How to Create a Media Room

By Sherri Middleton, Managing Editor

Over the years I’ve attended numerous sports events, conferences and trade shows as a member of the media. In some situations, the media room is nothing more than a table and chairs with an overhead tent to provide shade. Other media rooms include live feeds of on-going competition, comfortable lounging areas and plenty of outlets and charging stations to handle the most high-tech gadgets we use to do our jobs.

Most organizations hope members of the media will attend an event, not only to provide up-to-the minute recaps and highlights, but also to develop longer, more in-depth coverage that showcases an organization or event to generate public interest. After all, when the press is invited, good publicity is typically the goal.

A media room is often the first impression of your organization and reflects heavily on the brand and event. Whether you’ve invited the media to a state high school track & field championship or a national tournament, the space provided for the working journalists, photographers, videographers and broadcasters needs to set the right tone.

Essentials for Media Workspace:

  • Access to event management staff who are available to answer questions or provide immediate assistance in gathering information or access to an athlete or others involved in the event.
  • Press credentials with full access to the event and the participants. While providing press badges is important, the event staff needs to know which areas the media may visit and any restrictions to access.
  • Press kits with contact information for all communications staff and other key figures at the event. The press kit might contain team or individual information, stat sheets, links to high-resolution photographs, logos and sound bites. Include background information that is relevant to the event and provide information about sponsors, volunteers and others who are involved.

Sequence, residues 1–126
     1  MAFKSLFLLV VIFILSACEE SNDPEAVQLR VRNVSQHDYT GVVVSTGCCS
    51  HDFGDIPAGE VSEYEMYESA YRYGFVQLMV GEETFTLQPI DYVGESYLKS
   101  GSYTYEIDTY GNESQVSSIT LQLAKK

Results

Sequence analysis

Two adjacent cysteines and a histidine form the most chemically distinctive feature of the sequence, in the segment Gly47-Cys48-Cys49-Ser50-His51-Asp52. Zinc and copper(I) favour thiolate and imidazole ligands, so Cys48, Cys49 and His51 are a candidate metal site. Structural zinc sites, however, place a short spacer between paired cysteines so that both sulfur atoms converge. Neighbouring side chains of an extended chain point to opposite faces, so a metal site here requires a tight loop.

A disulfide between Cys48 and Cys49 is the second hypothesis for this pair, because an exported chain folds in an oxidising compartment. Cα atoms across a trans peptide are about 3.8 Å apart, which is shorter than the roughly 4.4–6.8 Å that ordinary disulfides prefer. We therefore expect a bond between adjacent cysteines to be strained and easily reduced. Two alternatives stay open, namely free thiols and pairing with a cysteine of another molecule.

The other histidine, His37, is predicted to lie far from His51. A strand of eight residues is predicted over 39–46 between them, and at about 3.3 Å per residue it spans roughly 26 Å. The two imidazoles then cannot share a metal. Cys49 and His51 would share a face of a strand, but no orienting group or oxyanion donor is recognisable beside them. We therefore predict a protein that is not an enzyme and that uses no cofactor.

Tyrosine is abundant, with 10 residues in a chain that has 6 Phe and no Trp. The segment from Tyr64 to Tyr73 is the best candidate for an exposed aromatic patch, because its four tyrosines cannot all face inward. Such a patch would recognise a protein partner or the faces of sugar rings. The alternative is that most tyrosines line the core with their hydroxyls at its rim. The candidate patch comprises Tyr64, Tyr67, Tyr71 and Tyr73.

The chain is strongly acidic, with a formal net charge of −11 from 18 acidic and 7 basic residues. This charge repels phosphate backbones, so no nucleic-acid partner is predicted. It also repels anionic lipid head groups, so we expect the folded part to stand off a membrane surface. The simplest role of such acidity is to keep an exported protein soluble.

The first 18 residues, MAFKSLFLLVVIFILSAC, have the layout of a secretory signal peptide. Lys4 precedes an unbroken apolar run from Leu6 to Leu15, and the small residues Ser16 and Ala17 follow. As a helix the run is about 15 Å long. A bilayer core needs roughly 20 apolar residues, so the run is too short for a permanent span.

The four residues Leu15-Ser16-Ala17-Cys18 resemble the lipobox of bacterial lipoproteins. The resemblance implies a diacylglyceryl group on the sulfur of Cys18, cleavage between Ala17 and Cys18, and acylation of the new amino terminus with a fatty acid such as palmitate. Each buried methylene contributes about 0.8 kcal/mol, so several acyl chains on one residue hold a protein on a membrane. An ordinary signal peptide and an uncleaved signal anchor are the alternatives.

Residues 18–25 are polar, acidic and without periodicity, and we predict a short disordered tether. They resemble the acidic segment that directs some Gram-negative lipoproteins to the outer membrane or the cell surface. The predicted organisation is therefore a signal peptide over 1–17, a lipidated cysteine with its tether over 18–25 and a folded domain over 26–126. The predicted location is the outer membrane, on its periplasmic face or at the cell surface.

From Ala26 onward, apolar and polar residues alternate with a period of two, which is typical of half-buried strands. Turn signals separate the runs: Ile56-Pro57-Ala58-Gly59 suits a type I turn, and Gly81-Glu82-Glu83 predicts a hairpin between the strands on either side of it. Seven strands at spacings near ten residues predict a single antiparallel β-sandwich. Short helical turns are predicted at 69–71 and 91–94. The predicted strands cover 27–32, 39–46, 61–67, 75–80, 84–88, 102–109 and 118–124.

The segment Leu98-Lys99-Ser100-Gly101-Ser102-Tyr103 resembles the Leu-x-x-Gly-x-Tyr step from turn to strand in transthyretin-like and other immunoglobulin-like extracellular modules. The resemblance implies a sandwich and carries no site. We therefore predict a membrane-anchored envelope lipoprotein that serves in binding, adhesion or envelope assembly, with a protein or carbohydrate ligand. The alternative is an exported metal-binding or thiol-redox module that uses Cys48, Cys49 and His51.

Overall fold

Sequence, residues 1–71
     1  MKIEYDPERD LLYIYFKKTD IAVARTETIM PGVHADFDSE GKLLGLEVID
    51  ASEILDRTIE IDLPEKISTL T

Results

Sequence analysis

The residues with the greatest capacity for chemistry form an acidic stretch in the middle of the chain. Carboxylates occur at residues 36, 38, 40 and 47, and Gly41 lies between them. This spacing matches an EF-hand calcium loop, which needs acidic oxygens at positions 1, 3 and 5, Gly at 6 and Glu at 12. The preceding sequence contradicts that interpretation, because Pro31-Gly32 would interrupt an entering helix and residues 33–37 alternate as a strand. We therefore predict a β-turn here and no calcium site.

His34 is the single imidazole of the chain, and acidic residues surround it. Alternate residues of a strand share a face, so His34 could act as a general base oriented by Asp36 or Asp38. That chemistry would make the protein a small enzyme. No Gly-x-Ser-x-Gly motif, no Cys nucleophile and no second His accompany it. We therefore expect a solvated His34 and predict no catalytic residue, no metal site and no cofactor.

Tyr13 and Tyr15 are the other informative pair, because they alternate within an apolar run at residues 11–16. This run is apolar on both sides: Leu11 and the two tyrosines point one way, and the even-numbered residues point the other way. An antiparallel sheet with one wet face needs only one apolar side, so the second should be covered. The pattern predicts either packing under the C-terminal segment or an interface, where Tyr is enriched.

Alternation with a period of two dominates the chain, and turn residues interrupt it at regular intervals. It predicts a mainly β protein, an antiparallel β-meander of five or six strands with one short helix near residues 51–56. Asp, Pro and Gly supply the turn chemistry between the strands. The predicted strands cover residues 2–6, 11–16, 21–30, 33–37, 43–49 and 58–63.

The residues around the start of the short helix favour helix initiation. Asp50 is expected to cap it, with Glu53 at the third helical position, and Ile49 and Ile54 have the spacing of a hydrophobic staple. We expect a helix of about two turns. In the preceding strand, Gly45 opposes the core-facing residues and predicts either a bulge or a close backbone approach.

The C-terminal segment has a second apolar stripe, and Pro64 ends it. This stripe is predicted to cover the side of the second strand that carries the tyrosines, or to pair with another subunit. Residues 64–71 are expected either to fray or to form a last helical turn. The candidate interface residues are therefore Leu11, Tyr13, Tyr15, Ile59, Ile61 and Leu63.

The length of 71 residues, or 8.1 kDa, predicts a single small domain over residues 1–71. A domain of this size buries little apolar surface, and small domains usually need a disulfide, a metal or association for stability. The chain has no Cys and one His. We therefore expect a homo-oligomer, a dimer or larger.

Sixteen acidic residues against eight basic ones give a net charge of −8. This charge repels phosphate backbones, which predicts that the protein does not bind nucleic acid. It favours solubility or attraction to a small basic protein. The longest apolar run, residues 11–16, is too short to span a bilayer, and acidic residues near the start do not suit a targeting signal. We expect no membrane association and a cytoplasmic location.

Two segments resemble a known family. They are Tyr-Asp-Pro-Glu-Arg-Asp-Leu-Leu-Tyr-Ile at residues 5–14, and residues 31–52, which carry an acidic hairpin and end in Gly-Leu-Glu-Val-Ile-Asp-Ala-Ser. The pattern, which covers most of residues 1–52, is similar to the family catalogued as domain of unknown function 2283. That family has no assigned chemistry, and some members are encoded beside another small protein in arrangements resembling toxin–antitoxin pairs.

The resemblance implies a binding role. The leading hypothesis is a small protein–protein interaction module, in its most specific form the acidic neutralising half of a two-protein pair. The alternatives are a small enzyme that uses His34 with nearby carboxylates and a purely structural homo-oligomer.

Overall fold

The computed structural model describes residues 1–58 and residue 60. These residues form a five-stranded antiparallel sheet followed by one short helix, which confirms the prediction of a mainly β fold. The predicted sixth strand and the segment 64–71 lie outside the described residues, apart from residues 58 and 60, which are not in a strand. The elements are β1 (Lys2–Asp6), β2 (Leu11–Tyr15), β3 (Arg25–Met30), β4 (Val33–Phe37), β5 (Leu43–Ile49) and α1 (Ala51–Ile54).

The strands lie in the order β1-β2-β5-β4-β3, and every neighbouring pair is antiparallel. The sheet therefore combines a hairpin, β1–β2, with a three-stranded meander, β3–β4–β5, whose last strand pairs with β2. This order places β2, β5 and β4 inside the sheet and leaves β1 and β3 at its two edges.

• A space that is off-limits to the general public. That space should include ample outlets, charging ports, WiFi, secure storage areas for equipment, a printer, scanner and adequate lighting. The space should also include enough tables, desks, chairs or other work surfaces to spread out paperwork or room to read stats and notes. This work space should also include a quiet zone to allow interviews to be conducted with key event personnel.
  • A daily schedule with a description of the event along with times and locations if the event takes place over a wide physical area. A map, directions and landmarks are also helpful when the area being covered is spread out – such as in a road race or an event using multiple facilities.


  • Many times, the media representatives who attend an event will spend the day or days on-site at an event rather than traveling to a hotel room or back to their office. During the course of this day, the reporter or photographer will conduct other work during the event, particularly when on deadline and the story or footage needs to be posted online or by deadline. As a guest at your event, providing bottled water, soft drinks, coffee and even a snack or meal is always appreciated. The media room is often called the media hospitality room because you want these guests to feel at home. The more time you can keep a member of the press at your event, the more the event receives exposure through updated scores, social media posts and content.

Next time, we’ll cover online media press rooms and the basic items members of the media would like to find on every site.